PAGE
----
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 The Wawel Hill

Very long history of Krakow

Archeological finds prove humans have lived in the Krakow area since 200,000 BC at least, and some 50,000 years ago a hamlet with a factory churning out stone tools prospered on Krakow’s central Wawel Hill where the Royal Castle stands now. In 965 a travelling merchant from Spanish Cordoba wrote about Krakow as the bustling trade center of Slavonic Europe, and recent excavations confirm it. 

Krakow in the Middle Ages 

Its northern neighbors of the Piasts’ dynasty incorporated the Krakow province into their principality in the 990s and thus the Kingdom of Poland was born. In the year 1000 Krakow got its own bishop, and in 1038 the city became Poland’s capital and its Wawel Royal Castle the residence of Polish kings. Mongols demolished Krakow in the mid 13th century, so the then ruler, Prince Boleslaw the Shy, established it anew in 1257 and endowed with both self-government and immense trade privileges. 


The historic glory of Krakow 

The city’s Golden Age came by the end of the 15th century when it was the thriving metropolis of a vast and prosperous kingdom stretching from the Black Sea to the Baltic Sea. Krakow remained Poland’s official capital till 1791 but from 1609 on successive kings after their coronation in Krakow chose to reside in Warsaw where the country’s political center moved with them (monarchs kept returning to Krakow for good: to be buried in the Wawel Cathedral).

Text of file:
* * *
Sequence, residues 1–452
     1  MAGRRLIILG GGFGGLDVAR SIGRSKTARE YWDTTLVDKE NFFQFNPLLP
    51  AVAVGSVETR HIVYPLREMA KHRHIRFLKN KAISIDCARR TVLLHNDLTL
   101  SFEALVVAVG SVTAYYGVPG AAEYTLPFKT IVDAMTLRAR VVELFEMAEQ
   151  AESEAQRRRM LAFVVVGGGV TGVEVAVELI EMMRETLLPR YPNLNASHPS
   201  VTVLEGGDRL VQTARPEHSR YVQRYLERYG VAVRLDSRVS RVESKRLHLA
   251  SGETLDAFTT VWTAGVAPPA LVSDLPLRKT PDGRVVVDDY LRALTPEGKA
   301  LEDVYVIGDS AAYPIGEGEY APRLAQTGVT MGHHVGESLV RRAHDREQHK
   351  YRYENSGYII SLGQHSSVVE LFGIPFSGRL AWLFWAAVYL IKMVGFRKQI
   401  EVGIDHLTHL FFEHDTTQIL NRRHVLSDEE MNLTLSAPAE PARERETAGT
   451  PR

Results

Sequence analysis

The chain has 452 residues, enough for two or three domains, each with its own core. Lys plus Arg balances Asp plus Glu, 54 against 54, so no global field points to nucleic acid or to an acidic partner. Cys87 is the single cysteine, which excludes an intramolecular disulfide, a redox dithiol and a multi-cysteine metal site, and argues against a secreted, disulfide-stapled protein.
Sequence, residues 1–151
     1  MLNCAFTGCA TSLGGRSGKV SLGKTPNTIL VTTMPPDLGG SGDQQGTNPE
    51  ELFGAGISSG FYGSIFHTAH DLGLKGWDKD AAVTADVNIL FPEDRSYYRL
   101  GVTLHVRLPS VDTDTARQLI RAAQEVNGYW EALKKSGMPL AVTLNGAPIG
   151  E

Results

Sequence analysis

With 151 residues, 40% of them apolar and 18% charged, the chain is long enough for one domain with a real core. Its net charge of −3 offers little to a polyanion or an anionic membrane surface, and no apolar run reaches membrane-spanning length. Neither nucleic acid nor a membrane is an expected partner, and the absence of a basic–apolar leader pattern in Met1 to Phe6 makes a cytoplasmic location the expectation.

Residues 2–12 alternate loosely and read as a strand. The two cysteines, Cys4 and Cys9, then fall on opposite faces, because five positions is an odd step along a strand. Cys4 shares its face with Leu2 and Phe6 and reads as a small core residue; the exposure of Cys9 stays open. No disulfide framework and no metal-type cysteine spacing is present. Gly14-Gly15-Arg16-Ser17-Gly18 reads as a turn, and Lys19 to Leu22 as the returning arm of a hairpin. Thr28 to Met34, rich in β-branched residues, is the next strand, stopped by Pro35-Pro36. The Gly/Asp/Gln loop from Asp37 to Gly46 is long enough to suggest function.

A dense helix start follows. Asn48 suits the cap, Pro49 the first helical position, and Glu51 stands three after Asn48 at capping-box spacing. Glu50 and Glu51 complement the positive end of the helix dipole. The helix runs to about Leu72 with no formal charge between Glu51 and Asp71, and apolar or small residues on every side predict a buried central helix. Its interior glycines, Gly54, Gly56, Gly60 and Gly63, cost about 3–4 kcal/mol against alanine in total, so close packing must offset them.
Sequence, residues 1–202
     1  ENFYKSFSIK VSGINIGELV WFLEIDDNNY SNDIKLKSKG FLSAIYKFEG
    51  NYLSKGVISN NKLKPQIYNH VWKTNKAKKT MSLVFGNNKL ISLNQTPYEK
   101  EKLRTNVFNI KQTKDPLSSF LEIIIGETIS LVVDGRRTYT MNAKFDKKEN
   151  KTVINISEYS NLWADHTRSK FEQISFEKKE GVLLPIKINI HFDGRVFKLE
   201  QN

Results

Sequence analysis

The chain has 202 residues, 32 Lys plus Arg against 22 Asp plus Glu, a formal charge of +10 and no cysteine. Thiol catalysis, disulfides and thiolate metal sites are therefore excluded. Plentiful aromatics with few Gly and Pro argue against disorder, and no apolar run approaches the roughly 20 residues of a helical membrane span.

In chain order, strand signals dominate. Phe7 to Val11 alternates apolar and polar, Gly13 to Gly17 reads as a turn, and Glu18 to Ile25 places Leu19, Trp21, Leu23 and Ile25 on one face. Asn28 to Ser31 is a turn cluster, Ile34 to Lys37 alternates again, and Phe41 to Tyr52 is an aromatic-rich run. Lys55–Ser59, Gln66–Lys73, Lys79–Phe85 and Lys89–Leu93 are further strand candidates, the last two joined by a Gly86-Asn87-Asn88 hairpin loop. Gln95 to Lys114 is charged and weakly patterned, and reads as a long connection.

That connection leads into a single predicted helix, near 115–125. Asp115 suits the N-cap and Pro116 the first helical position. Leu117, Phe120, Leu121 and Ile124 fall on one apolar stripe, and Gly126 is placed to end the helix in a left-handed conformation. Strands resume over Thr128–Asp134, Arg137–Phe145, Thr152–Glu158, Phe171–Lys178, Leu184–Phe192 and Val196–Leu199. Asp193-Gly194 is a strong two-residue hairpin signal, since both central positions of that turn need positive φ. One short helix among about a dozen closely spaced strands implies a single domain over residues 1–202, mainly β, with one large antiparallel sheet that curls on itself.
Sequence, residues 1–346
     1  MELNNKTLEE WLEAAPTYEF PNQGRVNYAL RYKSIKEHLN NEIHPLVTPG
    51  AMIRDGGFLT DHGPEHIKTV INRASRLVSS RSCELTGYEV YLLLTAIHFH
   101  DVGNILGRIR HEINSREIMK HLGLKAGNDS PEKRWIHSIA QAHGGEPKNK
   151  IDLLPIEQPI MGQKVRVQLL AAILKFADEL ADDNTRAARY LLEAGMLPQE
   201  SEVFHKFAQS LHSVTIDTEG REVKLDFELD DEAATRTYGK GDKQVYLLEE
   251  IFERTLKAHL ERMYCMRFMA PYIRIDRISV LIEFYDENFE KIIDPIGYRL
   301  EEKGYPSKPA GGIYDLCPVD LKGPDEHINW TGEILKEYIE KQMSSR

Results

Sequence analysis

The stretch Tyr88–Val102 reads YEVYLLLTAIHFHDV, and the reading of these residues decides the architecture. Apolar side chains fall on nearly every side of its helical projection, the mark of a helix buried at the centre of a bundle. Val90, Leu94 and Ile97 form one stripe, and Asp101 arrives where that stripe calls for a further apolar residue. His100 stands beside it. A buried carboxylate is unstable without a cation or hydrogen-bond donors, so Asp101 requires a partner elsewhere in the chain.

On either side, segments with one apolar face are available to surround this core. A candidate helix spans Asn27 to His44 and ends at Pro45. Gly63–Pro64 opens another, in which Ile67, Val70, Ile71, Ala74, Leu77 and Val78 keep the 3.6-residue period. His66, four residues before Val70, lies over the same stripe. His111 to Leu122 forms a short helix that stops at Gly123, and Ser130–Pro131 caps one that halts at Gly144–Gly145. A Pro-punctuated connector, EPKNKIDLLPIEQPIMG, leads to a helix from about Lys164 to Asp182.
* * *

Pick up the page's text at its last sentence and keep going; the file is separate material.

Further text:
Zygmunt bell

The 16th-century Zygmunt bell of Krakow cathedral dates back to
the Golden Age of Poland  (Jan Matejko's painting of 1874).

The city's ups and downs 

Throughout the 18th century Krakow suffered a series of sieges, foreign occupations and plunders. After Russia, Prussia and Austria invaded and divided Poland between themselves in the 1790s, the last empire took Krakow. In 1815 the Congress of Vienna created an independent, miniature Krakow Republic forcibly incorporated into the Austrian empire in 1846. After Emperor Franz Joseph I granted Krakow the municipal government in 1866 the city became Poland’s vibrant center of gravity again, which eventually led to the 1918 rebirth of the nation in the aftermath of the World War I. 

Through the second world war and afterwards 

Krakow remained the most important city in the southwest part of the Republic of Poland till September 1939 when Hitler’s Third Reich and Stalin’s Soviet Union invaded the country and divided it between themselves. On the German-occupied territory the Nazis created a protectorate with their governor-general’s residence in Krakow. Fortunately, the historic city of Krakow survived almost intact the Soviet offensive in January 1945. After the WW II Krakow retained its status as Poland’s second most important city and has vied with Warsaw for the cultural supremacy.

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